A Hammond A, B, or C adds something to the sound of R&B or blues that's not going to be found elsewhere. Depending upon how it's played, it can be very fat, or very thin. With a lot of restraint, it can be one of the most tasteful instruments in an R&B group, or it can dominate the group's sound. What can you do -except- love it?

I've got a small collection right now: 2 B3s and an A100, a few 122 Leslies, and a 147 Leslie. More are on the way, though. Everything's in excellent condition; my late model 1973 B is immaculate. I've been doing my own tech/service work for nearly 25 years. That's a big part of the fun, too. Tearing one down to an empty wooden box, and cleaning, polishing, rebuilding. When the work is finally finished, sometimes several weeks later, it's a great feeling to crank it up and hear that famous Hammond sound.

Hammonds are sort of a world of their own. I think you have to have one, play it to death, resolve problems with it, lug it around, and try your best to protect it from bangs, scrapes, and damage to understand the feeling. Anyway, I certainly love mine!

Steve Leigh stleigh@ibm.net

Canine Training - Lutz, Florida


Return-Path: sbrush@boris.infomagic.com
Date: Sun, 04 Aug 1996 22:16:34 +0000
From: Tom McMillian
To: hammond@theatreorgans.com
Subject: Why I love my Hammond
X-Url: http://theatreorgans.com/hammond/whyham.htm

At age 12 I had my first keyboard gig. I was the envy of all the keyboard players around because I owned a Farfisa organ with a Gibson amp. But then I remember listening to a local group where the keyboard player had some kind of small hammond and a Leslie. However he placed the Leslie behind the stage curtain while playing. Afterwards I asked him why the Leslie was placed there. He told me that the rig belong to his mother and that he didn't want anyone to see it. That was my first hammond/Leslie experience.

Later on the band I played with was booked to play a battle of the bands at a local car show. I can remember the moment when I walked in and saw our main competition. The band, called the Air Tweesers, sported a keyboard player who of course played a B-3 but, who had four, count them, four Leslie 122's. This was the very first time I heard what the awesome sound of a B-3 and Leslie could really sound like. I knew I had to own one. Needless to say, the price tag of a new B-3 ($3,600) and Leslie ($700) was out of my price range for a now 14 year old. So I managed to find a blond Hammond M-3 which I paid $500 for and rented a Leslie 147 for it for $27.00/month. It was the coolest sound I ever heard. I could now play Santana and Allman Bros. covers. Never mind that I couldn't play them lick for lick, the fat sound of the hammond covered my ass (when in doubt, play the high 7th and or 9th with the Leslie screaming).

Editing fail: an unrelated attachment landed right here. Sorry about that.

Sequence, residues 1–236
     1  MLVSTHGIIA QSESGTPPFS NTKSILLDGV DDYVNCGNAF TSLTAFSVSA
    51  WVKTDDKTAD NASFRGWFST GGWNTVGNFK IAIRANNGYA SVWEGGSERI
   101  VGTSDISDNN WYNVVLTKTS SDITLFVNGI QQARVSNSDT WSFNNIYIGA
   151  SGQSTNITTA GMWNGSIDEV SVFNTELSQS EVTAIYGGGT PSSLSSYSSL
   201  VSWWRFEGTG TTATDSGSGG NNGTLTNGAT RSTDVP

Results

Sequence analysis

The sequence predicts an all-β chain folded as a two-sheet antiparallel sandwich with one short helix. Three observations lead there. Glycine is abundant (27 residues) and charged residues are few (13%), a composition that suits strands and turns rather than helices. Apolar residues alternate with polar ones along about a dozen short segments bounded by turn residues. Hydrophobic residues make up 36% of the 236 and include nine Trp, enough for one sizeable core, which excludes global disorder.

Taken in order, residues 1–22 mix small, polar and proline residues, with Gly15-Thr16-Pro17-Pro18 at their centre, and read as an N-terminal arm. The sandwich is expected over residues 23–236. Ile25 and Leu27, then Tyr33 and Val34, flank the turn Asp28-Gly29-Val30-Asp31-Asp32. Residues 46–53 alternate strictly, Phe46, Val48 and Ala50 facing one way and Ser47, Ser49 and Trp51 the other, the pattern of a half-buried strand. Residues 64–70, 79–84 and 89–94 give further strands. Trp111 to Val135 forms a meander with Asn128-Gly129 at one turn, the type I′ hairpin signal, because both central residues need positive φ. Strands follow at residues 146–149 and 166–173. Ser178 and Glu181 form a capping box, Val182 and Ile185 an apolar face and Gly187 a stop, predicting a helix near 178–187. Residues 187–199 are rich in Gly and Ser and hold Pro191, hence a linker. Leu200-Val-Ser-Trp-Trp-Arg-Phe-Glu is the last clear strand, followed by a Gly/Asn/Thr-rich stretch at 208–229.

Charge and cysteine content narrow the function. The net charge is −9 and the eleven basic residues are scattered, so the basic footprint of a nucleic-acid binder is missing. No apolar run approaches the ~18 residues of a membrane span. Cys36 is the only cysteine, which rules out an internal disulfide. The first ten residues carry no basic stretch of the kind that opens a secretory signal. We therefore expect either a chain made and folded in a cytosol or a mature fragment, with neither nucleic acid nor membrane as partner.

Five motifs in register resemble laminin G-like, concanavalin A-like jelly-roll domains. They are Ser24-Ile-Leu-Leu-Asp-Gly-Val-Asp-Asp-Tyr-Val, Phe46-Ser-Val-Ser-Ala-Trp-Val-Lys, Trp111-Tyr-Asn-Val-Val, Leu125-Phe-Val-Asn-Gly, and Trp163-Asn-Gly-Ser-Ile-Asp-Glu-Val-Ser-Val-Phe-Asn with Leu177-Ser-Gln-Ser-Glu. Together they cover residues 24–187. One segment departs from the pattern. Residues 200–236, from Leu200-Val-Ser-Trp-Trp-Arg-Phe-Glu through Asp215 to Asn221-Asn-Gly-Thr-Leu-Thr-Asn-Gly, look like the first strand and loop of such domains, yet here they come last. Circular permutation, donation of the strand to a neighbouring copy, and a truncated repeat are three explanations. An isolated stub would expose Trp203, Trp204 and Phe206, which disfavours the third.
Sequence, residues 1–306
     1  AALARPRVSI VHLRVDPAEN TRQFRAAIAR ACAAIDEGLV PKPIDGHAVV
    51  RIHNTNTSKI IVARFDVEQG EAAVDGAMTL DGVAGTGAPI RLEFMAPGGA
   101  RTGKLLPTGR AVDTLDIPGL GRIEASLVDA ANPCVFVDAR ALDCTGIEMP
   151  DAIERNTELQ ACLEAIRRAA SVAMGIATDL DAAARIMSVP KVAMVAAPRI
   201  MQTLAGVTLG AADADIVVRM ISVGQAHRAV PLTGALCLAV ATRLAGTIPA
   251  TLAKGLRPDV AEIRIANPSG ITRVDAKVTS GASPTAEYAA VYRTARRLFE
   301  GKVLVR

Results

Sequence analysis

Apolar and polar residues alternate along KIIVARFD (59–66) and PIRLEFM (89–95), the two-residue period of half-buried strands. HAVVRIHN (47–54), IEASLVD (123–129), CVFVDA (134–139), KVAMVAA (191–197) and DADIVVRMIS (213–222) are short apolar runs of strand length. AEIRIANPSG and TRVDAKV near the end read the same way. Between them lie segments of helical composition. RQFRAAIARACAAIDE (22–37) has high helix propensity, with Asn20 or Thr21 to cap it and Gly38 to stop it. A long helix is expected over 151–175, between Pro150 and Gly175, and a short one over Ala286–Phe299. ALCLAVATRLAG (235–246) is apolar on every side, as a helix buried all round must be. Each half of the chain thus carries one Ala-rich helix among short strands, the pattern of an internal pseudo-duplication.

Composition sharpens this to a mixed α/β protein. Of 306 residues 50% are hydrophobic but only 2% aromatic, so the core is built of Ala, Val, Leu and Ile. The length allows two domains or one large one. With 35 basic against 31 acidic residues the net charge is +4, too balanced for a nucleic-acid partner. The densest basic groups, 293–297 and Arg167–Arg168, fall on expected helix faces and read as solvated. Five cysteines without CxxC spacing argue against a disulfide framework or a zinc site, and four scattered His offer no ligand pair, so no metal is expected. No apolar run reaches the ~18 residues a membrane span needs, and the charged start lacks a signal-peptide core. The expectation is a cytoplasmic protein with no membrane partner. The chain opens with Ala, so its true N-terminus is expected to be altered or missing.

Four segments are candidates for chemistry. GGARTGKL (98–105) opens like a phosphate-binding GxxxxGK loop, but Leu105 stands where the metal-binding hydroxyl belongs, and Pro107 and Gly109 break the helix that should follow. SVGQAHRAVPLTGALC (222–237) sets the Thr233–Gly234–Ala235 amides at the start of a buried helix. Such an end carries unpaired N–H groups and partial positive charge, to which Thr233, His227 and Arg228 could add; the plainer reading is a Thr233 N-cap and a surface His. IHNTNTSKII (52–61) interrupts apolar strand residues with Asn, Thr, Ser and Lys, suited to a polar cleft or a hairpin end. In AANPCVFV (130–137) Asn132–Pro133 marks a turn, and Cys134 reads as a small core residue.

Over the years, as I got older and the B-3 was no longer made, I was able to afford other models of the hammond (L-100, CV, B-2) but never THE B-3. Then after getting out of graduate school, I started a career. I put aside the avocation that not only put me through college but provided hours of pleasure. For 12 years I was retired.

Now, if that was the end of the story, it wouldn't be worth reporting. However five years ago I went to see a childhood friend and fellow musician who was (and still is) the drummer for a well known 70's band (The Association). While taking a sound check, the band broke into the classic number of In Memory of Elizabeth Reed. The sound of the Hammond B-3 was almost like a wake up call. I promised myself that even though I was not currently playing, I would go out and find the best B-3 I could (I still owned my CV and a Leslie 122). After all, I was no longer a musician but a professional and now I could afford one. Two weeks later after calling a number of hammond repair shops in my state, I was referred to a women whose Grandmother had willed her the families Hammond B-3. I bought it sight un-seen. It turned out to be of Cherry finish which I understand is somewhat rare.

Today, That B-3 is sitting in my living room with another mint Leslie 122 (the story how I came across that is for another time). However I am currently playing again using a hammond-suzuki XB-2 when the stage is small and my now overhauled CV w/percussion for larger gigs. I have taken the B-3 out on very big gigs but I personally oversee the handling of it.

So.......the reason I love my hammond is that it made me return to my life long passion and; because there is no sound on this green earth that can stir the endorphins like the fat/percussive sound of a hammond b-3 screaming through two 122 Leslie1s. Thats why! Tom

B-3 Forever

From: Steve Beach
Subject: B-3 Forever

I'll never forget the first time I played a Hammond organ. I was fifteen years old, and my band was playing a Satuday night dance at a lakeside dancehall in Southern Ontario. We were the opening act for a group from upstate New York, I don't recall their name. The stage wasn't so big, so I tried not to take up too much room with my Electohome Concord spinet and 145 Leslie.